· Smart Search. By combining Bing’s web search with search across my devices and Skydrive, search becomes more relevant and personal. We’ll be watching to see how third-party developers can use this and where Microsoft goes with it. Very interesting.
· Making Windows desktop modern and more synergistic. The tweaks to allow the desktop background underneath the Start Screen and the return of the Start button make it feel a little less like I’m running two PCs in one, but the difference is still jarring.
UPDATED 26th June 2013 As you may be aware Microsoft has finally introduced its Office Suite for the iPhone (launched in the US on Friday 14th June, and now available in much of the rest of the world according to my sources). This is great news — it has been one of the real holes in the iOS application store and in high demand in many businesses we speak to (although will be MUCH more valuable when it's available as a native iPad app). Over the next week or so it is likely that many of your senior executives will read this news — as it has already made the consumer press. Soon they'll be knocking down your door asking how to get access to it.
However, the licensing model that Microsoft has chosen is one to encourage the uptake of the Office 365 Suite. ONLY those users with a MS Office 365 license will be able to activate the apps on their iPhone. This may mean a significant licensing impact for you. If, like many companies, you have not yet made the move to Office 365, your company’s employees will not be able to use the Office apps on their iPhone. There is a big risk here that you will see employees activate the license themselves and charge it back through the traditional expenses channel. And if senior management are doing it, it is hard for them to say no to the more junior ranks.
I reached out to Duncan Jones, one of our resident sourcing pros and Microsoft licensing experts to get his analysis of the situation. Here are his thoughts:
There have already been plenty of articles written on the importance of creativity in the workforce. Assuming you buy into the importance of attracting creative types to your team, you will have an understanding of what to look for in hiring creative people. And then you will face the challenge of keeping these people on your team. I see this as a challenge because I don't believe our typical individual performance metrics are well suited to measuring creative individuals.
Consider some of the common metrics used to assess individual employee performance: on-time task completion; task management; completion of specific goals; project management — all of these measures are heavily geared toward favoring individuals who have a natural ability to be well-organized, methodical and goal-oriented. Perhaps this describes your ideal employee.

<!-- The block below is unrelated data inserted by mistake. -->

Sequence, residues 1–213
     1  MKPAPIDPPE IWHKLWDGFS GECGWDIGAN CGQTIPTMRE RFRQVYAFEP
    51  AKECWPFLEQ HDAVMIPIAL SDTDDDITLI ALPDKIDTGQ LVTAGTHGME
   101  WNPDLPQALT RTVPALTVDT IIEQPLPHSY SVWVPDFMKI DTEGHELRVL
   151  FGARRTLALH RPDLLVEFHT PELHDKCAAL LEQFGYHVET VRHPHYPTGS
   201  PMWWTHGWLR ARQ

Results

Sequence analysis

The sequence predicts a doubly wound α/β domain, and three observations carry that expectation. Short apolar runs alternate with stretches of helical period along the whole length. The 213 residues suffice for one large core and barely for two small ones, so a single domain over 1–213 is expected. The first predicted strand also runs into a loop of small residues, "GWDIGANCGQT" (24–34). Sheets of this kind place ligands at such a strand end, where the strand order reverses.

Forrester research compares frequently capabilities of software vendors and cloud platforms in our Forrester Waves™. John Rymer and James Staten recently published the comparison of Enterprise Public Cloud Platforms. I am currently researching such a Forrester Wave™ around Hybrid² Integration capabilities. This is the integration between cloud and on-premise and across different traditional integration tools.
However, all these Forrester Waves™ have one significant gap. They all start with a product or service offering by a vendor or (cloud) service provider. Analysts at Forrester Research investigate for sure if the vendor statements are real, watch demos and we try out products on our own before we write about it. One part of the Forrester Wave™ process is also customer interviews, which validate that product features work in reality. All criteria, scores and notes are published to our clients, not only a final PDF.
So where's the gap in such a thorough process? Well, the starting point is always the capabilities that product vendors and service providers claim – never the actual challenge withing the enterprises! I was not aware of any assessment or competition, which really starts here – with a real client challenge and project! Maybe one enterprise ends up using a unique combination of different products and cloud services.
Over the past 12 months, I’ve taken a number of client inquiries on globalization and multilingual strategies. But in all cases, it turned out that the challenge wasn’t really providing multilingual support. Instead, organizations are struggling to meet demand among customers, suppliers, partners, regulators and others for direct access to core enterprise systems from multiple regions, often through mobile devices or pervasive web applications. So the real question is: How are user engagement strategies affecting our ability to achieve a single, global business and technology platform that supports the increasingly pervasive use of mobile technologies?
This is now a top-of-mind consideration for many companies, especially as emerging markets are an increasingly important part of their global business strategies. The challenge is how best to tailor and adapt their products and services to capitalize on these emerging market opportunities without losing the benefits of economies of scale and the requirements for global transparency and compliance. And it’s not just about global IT service delivery; it’s about how technology can now serve the unique needs of both internal and external users, particularly where major differences may exist across language, culture, law, infrastructure, geography, value systems, and the economy.